Wednesday, January 9, 2019
The Arab Women of Israel
Video Of The Week - Israeli Muslim Arab Lady Bus Driver - https://tinyurl.com/y78mkopn
The full article, was written by Charles Abelson, member of TBT (Truth Be Told).- https://tinyurl.com/y6u5gdo3
The Social Revolution of Arab Women in Israel The status of Arab women in Israel is improving significantly. Hadas Fuchs, a researcher at the Taub Institute, published a study in 2018 on the integration of Arab women in the labor market in Israel. The most striking detail of her research relates to a revolution in the education of Arab women: 15% of students in higher education in Israel are Arab women, even though the proportion of Arab women among the general population is only 10%. In fact, the number of female Arab students in higher education has doubled since the beginning of 2000. As a result, women in Arab society are much more educated than men. Female students at Arab high schools comprise 52% of students studying computer programming and sciences, 55% in electronics, 59% in mathematics, and 70% in chemistry. The employment rate of Arab women jumped from 35% to 40% in the past year alone.
Israeli-Arab captain of women’s basketball team. Shahd Abboud, who plays for the Hapoel Petah Tikvah women’s basketball team in Israel, opened the 2018/19 season as their new captain, making history as the first female Arab captain of a professional Israeli basketball team in the top league.
First Arab woman appointed Dean at Hebrew University.
Prof. Mona Khoury-Kassabri has been appointed dean of the Hebrew University of Jerusalem’s School of Social Work. Prof. Mona Khoury-Kassabri is the first Arab woman to be appointed dean at the Hebrew University, and may well be the only Arab woman to serve as dean at any university in Israel.
A Christian Arab, Khoury-Kassabri has made history in more ways than one. Not only is she the first female Arab dean at the university, but she was born to illiterate parents and raised in one of the poorest crime and drug-infested neighborhoods in Haifa. Not every youngster there was a juvenile delinquent, and she wasn’t, either. More than that, she was born with ambition, a factor that took her beyond high school to an academic education and career, which together with other Arab women who have succeeded in academia, albeit not quite to the same extent, makes her a role model for other young Arab women who are striving to realize their potential and are aiming for new horizons.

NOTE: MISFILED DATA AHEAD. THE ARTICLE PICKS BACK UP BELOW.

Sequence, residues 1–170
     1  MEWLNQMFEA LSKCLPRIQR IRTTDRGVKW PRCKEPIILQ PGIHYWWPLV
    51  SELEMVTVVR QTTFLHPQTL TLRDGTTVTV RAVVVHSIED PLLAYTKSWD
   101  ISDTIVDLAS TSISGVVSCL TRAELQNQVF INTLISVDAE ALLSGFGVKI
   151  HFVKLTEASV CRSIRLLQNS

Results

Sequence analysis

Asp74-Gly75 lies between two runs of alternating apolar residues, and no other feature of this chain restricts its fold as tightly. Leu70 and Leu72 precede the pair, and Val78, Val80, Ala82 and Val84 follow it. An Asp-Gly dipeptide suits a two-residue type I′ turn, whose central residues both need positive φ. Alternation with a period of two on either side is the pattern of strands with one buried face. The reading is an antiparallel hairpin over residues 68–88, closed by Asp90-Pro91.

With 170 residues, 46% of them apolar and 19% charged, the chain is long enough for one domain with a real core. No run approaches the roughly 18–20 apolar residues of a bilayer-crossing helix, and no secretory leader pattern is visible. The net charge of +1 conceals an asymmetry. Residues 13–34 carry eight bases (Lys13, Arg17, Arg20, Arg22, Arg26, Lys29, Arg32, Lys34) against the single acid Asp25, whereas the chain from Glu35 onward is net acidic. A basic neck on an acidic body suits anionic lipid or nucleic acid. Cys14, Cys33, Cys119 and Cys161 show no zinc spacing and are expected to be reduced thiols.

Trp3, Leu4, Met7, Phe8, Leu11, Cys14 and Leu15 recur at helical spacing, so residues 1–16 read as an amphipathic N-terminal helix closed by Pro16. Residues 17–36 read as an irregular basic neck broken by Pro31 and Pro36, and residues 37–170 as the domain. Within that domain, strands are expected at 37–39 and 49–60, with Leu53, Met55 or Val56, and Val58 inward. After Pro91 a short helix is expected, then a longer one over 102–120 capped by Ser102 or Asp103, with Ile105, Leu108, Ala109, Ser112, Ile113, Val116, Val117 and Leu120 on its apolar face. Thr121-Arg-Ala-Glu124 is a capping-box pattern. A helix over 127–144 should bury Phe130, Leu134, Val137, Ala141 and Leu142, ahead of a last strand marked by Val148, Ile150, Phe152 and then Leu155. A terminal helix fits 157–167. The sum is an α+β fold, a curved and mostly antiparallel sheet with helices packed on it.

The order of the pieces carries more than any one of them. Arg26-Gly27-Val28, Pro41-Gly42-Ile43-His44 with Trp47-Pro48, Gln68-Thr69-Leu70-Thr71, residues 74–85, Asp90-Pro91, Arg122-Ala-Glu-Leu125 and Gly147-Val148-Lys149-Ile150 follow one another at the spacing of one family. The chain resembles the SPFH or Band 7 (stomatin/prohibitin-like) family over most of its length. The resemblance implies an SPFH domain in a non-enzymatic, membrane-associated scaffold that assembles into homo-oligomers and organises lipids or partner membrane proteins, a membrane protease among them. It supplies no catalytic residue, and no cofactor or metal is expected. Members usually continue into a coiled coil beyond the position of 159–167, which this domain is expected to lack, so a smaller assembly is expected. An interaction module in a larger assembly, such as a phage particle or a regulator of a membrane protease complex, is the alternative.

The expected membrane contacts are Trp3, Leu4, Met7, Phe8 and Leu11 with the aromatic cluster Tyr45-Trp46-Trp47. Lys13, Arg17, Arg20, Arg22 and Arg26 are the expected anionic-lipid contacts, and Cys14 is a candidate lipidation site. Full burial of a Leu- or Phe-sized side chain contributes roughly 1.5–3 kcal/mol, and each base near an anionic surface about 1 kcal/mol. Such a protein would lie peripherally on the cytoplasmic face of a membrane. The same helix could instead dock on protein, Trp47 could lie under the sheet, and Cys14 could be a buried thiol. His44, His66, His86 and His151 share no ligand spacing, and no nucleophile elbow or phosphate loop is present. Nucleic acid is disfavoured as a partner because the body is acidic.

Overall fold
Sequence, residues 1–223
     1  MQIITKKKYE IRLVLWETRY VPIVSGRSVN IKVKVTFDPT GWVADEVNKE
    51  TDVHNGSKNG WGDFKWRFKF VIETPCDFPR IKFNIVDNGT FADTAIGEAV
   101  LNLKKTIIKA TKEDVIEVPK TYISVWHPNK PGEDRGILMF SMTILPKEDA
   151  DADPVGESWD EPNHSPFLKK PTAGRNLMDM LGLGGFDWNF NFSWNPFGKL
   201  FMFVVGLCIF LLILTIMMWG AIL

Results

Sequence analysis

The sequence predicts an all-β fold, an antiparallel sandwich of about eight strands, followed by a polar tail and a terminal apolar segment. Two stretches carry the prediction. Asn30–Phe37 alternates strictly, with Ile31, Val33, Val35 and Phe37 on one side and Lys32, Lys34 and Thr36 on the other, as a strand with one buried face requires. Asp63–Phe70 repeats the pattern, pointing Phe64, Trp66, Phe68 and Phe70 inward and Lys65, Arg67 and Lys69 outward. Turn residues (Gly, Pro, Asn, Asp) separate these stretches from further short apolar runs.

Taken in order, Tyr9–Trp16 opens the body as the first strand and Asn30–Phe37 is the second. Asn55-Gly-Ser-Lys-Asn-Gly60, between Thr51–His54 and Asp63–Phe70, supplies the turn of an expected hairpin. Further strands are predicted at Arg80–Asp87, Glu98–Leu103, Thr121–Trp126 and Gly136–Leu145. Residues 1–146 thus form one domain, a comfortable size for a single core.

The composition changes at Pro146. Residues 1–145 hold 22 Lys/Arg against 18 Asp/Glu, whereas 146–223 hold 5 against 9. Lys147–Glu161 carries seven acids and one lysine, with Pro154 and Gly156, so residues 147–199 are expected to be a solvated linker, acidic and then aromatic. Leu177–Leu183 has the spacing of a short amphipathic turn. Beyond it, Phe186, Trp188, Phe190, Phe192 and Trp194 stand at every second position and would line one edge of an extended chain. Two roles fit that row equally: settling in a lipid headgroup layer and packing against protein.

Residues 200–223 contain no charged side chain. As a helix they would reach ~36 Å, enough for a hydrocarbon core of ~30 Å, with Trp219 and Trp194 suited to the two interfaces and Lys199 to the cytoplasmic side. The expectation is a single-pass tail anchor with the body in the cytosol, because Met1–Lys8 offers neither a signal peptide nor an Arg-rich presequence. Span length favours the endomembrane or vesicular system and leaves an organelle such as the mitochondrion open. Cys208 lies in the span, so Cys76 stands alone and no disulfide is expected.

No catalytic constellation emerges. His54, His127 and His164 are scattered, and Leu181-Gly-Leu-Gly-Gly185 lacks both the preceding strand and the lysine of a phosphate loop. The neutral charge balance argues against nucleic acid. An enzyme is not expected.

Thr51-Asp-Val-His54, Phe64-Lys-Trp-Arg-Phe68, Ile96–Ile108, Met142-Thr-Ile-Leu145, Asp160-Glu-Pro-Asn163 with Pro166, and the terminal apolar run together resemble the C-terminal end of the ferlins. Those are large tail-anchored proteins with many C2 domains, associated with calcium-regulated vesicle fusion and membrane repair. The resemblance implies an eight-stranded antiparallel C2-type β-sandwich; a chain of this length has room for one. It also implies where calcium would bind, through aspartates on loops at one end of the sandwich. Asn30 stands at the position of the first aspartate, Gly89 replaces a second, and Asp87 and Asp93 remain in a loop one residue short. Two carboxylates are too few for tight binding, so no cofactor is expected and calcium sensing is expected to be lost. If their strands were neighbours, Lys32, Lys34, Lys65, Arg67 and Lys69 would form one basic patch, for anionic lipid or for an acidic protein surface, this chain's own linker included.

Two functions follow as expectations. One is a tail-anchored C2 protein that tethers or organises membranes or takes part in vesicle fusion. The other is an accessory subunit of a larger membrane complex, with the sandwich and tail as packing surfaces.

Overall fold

Bedouin woman joins Israeli police rescue unit. Rana Jaboua, a resident of the Bedouin Negev village of al-Fara’a has become the first female Bedouin in Israel to join the Israel Police Rescue team, Jaboua is part of a unit that helps hikers in the Judean Desert if they become lost or injured.
Rana Jaboua Sabrin Saadi Israeli Bedouin Policewoman Blazing Trail Recently, Israel dedicated new police stations in the Arab villages of Jisr az-Zarqa and Kafr Kanna. Four days later, a short video on Facebook showed Sabrin Saadi, a young and also the first policewoman from the Bedouin village of Basmat Tabun, making her way to the Kafr Kanna station in her uniform wearing a hijab, walking past a group of Arab demonstrators. Saadi's father, Ali Saadi, said, "We are part of this society, so we should serve it. The people attacking her are a gang of wild kids with nothing better to do with their lives. They should go find themselves and think about what, if anything, they have actually done on behalf of their community."
The first Arab national service volunteer at the President's Residence. Hanan Dabbah 19, resident of Deir al-Asad—an Arab town in the Galilee is the first female Muslim Arab in Israel to volunteer for National Service; she is the first Arab to serve in the President's Residence; "I opened the door myself. I want more people to take that step. I want them to understand that those who give—shall receive.
The state is the home of all its citizens, and as a citizen of the State of Israel I have to contribute in order to obtain all my rights," Dabbah explained. 'It was important for my parents that we see the positive sides of Israeli society.' Dabbah left home and moved to Jerusalem, where she shares an apartment with other National Service volunteers. She is the only Arab woman in the house. The girls have created a pleasant and respectful home. On Fridays I bring the Quran to the apartment because it is a sacred day for Muslims, and the girls accept that. We keep Shabbat together. During Ramadan, I break the fast with them," she elaborated. "I want to promote the representation of women in Arab local government. It's important for me to raise awareness and level of education among women. There are many Arabs who marry straight after high school. If that's their decision then okay, but mostly it isn't. I want women to have a voice" Dabbah concluded.
The first female Muslim Israeli diplomat. Muslim women in Israel are doctors, pharmacists, entrepreneurs, bus drivers, judges, IDF soldiers, etc. Now Israel gets its first Muslim, female diplomat, when Rasha Atamny from Baqa al-Gharbiya becomes first secretary at the Israeli embassy in Ankara, Turkey.
Ethiopian Jew is new Israel UN rep. Ethiopian immigrant Danielle Daseta, will represent Israel at the United Nations for environmental, developmental and economic issues. Daseta made Aliyah in 1984 during Operation Moses. She has a BA in governance and diplomacy and attended the "Israel@heart" leadership program. As part of her new position, Daseta will be promoting Israeli innovation and collaborations with other members of the international organization.
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